CONTROL NETS will study the best use of chemotherapy and radiopeptide treatment in combination to help improve tumour control in small bowel and pancreatic NETS. The effectiveness of combining chemotherapy (CAPTEM) and radiotherapy treatment (LuTate) will be compared with a reference standard therapy (LuTate alone in small bowel NETs) and CAPTEM chemotherapy alone in pancreatic NETs.
Eligible patients with advanced pancreatic or small bowel NET will be entered into their respective study (by tumour type) then randomized to receive either CAPTEM/LuTate combination or LuTate alone in small bowel NETs, or CAPTEM chemotherapy alone in pancreatic NETs . The study treatment will be given over 32 weeks, with 12 months follow up for pancreatic NETs and 24 months follow up for small bowel NETs.
If the study results show that the combination therapy has a positive effect, it would then be further investigated in a larger Phase III trial. This has the potential to influence future treatment of patients with advanced small bowel or pancreatic NETS.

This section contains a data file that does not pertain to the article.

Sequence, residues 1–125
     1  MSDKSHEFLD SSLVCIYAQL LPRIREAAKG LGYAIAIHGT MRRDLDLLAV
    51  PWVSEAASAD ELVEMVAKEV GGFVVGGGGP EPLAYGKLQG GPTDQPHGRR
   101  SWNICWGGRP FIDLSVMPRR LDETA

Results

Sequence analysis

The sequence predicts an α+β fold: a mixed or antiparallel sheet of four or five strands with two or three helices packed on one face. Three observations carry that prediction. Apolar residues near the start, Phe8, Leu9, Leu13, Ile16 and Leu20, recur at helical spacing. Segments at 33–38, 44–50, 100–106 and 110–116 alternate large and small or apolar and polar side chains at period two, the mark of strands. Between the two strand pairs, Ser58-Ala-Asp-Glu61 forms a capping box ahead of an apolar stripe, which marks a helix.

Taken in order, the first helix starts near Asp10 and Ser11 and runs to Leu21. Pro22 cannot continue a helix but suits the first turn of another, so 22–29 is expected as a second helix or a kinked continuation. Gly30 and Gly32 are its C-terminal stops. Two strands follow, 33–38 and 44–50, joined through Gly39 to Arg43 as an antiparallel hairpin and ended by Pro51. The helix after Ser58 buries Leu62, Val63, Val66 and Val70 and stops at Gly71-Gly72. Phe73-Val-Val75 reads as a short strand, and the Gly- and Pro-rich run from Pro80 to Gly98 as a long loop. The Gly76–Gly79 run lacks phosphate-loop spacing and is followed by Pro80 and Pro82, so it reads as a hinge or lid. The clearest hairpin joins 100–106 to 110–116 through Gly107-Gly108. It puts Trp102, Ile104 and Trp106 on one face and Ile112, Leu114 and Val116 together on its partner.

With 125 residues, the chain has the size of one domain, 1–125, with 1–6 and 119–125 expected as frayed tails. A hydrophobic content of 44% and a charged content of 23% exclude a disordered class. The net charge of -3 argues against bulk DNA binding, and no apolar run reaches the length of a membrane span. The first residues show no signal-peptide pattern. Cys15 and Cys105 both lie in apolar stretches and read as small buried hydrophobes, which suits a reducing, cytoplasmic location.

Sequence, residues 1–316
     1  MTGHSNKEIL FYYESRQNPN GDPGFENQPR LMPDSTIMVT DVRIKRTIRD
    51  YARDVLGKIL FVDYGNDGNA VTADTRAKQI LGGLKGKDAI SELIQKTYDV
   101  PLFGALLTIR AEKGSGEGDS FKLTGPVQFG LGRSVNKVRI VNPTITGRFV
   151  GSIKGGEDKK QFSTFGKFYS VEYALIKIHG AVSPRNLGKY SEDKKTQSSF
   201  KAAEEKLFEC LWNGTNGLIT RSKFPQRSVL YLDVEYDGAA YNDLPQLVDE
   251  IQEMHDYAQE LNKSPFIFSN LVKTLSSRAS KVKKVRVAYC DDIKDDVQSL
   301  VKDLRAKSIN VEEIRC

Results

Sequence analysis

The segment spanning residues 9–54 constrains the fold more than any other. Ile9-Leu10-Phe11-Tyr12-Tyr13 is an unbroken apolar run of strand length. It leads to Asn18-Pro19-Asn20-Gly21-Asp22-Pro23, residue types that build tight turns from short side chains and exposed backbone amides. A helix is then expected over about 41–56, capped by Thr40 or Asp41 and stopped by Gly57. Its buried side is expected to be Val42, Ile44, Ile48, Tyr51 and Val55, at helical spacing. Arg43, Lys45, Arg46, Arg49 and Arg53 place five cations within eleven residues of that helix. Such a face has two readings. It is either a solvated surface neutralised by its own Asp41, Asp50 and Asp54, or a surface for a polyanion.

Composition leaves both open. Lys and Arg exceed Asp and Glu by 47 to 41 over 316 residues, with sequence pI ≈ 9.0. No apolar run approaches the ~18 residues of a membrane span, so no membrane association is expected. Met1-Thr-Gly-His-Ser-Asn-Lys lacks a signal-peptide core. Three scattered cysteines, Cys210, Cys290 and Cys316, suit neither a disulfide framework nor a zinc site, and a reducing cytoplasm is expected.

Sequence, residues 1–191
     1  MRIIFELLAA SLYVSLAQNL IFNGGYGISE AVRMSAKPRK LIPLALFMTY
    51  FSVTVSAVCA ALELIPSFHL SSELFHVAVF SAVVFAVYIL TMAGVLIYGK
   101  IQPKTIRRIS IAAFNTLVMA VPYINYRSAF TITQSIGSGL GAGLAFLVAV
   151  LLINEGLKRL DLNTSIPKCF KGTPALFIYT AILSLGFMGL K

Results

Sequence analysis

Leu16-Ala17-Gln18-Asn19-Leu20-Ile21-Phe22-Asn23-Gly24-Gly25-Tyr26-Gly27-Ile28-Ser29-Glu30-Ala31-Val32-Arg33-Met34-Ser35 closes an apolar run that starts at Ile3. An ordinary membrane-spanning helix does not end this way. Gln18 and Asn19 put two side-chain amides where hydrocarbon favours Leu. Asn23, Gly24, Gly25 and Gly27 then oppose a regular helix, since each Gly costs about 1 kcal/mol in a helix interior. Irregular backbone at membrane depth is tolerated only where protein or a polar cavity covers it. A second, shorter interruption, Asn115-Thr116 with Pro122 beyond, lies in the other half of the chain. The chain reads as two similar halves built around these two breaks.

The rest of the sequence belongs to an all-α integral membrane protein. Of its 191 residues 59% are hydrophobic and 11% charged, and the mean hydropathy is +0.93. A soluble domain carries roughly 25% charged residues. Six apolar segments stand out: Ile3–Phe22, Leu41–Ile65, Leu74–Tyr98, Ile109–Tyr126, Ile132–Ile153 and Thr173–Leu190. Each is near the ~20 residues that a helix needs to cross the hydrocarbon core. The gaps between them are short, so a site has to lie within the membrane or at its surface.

NeuroEndocrine Tumours (NETs)
“Capecitabine ON Temozolomide Radionuclide therapy Octreotate Lutetium-177 NeuroEndocrine Tumours Study”
None to date
Conference Presentation Reference
None to date
The aim of CONTROL NETS is to find the optimal treatment to improve disease control in patients with advanced NETs. More specifically, the purpose of the study is to determine the activity of capecitabine plus temozolomide (CAPTEM)/peptide receptor radionuclide therapy (PRRT), in combination, in both pancreatic neuroendocrine tumours (pNETS) and mid-gut (small bowel) neuroendocrine tumours (mNETS) patients.